The Nobel Prize in Physics 2013

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It is great whenever a scientific breakthrough is so big that everybody knows the Nobel prize will be awarded according to the original wish of its atoning patron: to honor those who during the preceding year, shall have conferred the greatest benefit on mankind. It was the case for high $T_\mathrm{C}$ superconductivity, and will repeat for the great challenges of science, such as bringing $T_\mathrm{C}$ to room temperature, or packaging a useful quantum computer.

This year, the prize went to Higgs and one of the others involved in the eponymous particle (it turned out to be Englert).

The prize goes:

for the theoretical discovery of a mechanism that contributes to our understanding of the origin of mass of subatomic particles, and which recently was confirmed through the discovery of the predicted fundamental particle, by the ATLAS and CMS experiments at CERN's Large Hadron Collider.

At this point I have lost 10€. Of course Higgs deserves the prize (as does Englert, and a few others who did not get it). But the context of its award breaks a tradition in the prize for Physics which, I believe, is the most prestigious of the series, only on account that it is the most seriously and carefully attributed one.

There are many cases of outstanding theoretical discoveries that were not awarded the prize the way Higgs got his, including no less than relativity and quantum mechanics, the two colossal pillars of modern physics.

In the case of relativity, arguably the most beautiful, self-contained and satisfying theoretical construct we have, not only the prize did not go to Einstein for that (instead it went to him for services to theoretical physics, and especially for his discovery of the law of the photoelectric effect), but relativity was even explicitly ruled out of the award, as it carries on:

without taking into account the value that will be accorded your relativity and gravitation theories after these are confirmed in the future.

Note here, "after these are confirmed in the future". This was in 1921. You probably have in mind that Eddington's famous experiment was in 1919. The latter was to Einstein's bending of spacetime what the CERN experiment is to the Higgs field.

About the same thing happened with the award to Heisenberg (1932), Schrödinger and Dirac (1933), attributed in 1933 to them all in maximum confusion as to whether the quantum theory had proven correct enough, and if so, which version of it. Quantum mechanics in its various forms, with waves or matrices, with relativity or not, has always be exceptionally accurate at describing experiments. But still it exerted this incredible display of cautiousness in giving a Nobel to it.

That brings us back to Higgs. The CERN is not part of the award, although it is mentioned. From the mention, I learn that the Higgs boson is then officially discovered, while, not being an expert, I thought it was still at the stage of a preliminary promising indication. Not that Wikipedia should be the most trusted source in the matter (maybe it is), but the free Encyclopedia is not as assertive as the Nobel committee:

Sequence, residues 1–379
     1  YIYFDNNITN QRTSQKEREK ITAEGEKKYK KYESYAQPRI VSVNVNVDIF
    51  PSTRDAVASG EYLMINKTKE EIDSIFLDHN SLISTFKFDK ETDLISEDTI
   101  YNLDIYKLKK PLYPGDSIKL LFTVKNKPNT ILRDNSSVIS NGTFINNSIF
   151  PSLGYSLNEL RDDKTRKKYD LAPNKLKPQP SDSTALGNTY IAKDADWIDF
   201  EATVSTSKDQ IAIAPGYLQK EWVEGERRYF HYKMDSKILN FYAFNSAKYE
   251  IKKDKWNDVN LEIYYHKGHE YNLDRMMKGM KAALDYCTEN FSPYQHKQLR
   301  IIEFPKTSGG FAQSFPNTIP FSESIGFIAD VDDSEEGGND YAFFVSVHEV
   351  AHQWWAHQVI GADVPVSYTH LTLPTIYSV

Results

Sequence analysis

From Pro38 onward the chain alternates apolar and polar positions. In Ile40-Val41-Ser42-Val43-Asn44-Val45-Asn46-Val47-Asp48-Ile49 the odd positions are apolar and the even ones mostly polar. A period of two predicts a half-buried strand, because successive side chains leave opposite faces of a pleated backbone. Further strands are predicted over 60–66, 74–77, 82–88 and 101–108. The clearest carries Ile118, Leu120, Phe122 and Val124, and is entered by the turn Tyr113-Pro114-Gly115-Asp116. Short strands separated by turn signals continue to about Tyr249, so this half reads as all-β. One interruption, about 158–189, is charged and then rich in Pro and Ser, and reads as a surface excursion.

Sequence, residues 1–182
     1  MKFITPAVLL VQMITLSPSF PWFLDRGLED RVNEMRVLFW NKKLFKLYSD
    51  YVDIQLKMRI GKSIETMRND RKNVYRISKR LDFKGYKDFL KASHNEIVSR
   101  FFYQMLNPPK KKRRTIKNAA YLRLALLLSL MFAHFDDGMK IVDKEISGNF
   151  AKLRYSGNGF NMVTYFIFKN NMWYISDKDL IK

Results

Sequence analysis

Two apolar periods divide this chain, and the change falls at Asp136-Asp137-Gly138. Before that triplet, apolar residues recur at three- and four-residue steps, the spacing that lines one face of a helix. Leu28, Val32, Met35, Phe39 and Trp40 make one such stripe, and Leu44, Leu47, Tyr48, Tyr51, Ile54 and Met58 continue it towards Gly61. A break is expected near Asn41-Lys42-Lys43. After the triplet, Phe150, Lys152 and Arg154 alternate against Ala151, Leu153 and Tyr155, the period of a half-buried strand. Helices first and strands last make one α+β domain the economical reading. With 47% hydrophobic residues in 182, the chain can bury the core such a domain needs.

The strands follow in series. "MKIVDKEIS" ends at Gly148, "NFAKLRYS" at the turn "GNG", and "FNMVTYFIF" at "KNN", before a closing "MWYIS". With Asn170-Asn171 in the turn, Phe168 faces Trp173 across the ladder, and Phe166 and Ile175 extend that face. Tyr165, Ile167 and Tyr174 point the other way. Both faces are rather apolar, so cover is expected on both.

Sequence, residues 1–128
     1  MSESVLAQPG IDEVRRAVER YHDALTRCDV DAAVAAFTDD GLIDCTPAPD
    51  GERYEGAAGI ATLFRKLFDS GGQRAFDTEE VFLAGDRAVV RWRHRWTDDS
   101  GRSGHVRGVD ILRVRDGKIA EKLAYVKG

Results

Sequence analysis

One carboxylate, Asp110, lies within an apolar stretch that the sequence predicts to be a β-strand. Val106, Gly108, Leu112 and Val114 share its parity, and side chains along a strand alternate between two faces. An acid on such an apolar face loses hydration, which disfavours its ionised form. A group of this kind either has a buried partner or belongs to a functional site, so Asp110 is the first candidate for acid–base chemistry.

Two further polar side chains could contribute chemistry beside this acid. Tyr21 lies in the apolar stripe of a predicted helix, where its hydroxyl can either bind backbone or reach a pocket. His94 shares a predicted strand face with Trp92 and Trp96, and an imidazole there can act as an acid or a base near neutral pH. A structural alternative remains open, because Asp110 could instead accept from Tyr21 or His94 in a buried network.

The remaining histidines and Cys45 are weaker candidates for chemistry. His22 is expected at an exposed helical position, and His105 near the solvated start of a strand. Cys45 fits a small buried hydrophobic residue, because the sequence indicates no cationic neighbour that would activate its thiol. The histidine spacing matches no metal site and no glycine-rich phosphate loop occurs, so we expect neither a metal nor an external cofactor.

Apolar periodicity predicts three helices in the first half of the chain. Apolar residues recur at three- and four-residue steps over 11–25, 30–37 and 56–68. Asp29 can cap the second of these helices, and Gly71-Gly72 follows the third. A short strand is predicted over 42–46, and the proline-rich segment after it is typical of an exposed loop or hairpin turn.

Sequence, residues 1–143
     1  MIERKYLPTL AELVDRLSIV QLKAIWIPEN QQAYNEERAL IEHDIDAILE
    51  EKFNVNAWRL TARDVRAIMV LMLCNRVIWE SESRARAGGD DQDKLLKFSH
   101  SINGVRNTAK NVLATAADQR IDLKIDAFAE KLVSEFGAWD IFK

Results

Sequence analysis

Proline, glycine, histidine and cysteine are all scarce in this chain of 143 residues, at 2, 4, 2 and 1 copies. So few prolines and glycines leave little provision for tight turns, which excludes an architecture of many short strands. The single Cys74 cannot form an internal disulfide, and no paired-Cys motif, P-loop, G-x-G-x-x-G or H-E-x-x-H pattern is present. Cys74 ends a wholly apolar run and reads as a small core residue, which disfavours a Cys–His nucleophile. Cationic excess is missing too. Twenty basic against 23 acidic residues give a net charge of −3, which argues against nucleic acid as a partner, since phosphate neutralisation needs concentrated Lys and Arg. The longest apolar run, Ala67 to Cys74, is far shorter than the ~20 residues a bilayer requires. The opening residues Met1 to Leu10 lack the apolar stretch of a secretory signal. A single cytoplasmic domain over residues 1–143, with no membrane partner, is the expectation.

The Higgs boson is an elementary particle tentatively confirmed to exist on 14 March 2013. The discovery appears to confirm the existence of the Higgs field.

(I have cut some passages, the full version is the opening text of the current version at the time of writing). The rest of the text carries on in the conditional.

The CERN itself maybe has more authority. This is what one can glean from their websites, such as the CERN courier:

  • preliminary new results further elucidate the particle discovered last year and the new particle is looking more and more like a Higgs boson.
  • It remains an open question, however, whether this is the Higgs boson of the Standard Model of particle physics, or possibly the lightest of several bosons predicted in some theories that go beyond the Standard Model. Finding the answer to this question will take time.

A particle that fits is definitely there, but it didn't sink in. In the light of history, is the level of confidence in what it really is and what else it could be, enough to make it a clear cut Nobel prize? I didn't think so. It already missed the Nobel prize last year (the announcement, that I followed online, was on 4 July (2012)), and if it was to skip CERN from the award, what difference does it really make now? Somehow I feel this tampers down the prestige of the theorist: to award the theoretical model based on an experimental report that is itself left out of the prize. Higgs' model is important enough to win the prize anytime, not in the wake of the massive public attention that was generated from the CERN results. If it has to be thanks to the experiment, then the omission of CERN as a recipient is hard to understand. I have read here and there that it was impossible to recognize everybody's contribution. Which is true, given that the prize is limited to three addressees. But then, why stick to two?

So, while it is great whenever a scientific breakthrough is so big that everybody knows the Nobel prize will be awarded next time, I was cheated out of the fun of it. I was pretty sure that against all the odds in favor, the committee would be faithful to its tradition of making it harder for the stronger contenders. As I saw that Hawking stated that the prize should go to the Higgs indeed, it occurred to me that this was a splendid time to honor him instead, since he belongs to the list of those that did not get the award based on the exact same sort of strict adherence to an almost unscientific requirement of fully established results. Then Higgs would either get it later without having to shed tears at CERN from the sheer force of the pen and paper only, or with them when it is accepted which symmetry breaking boson they really found.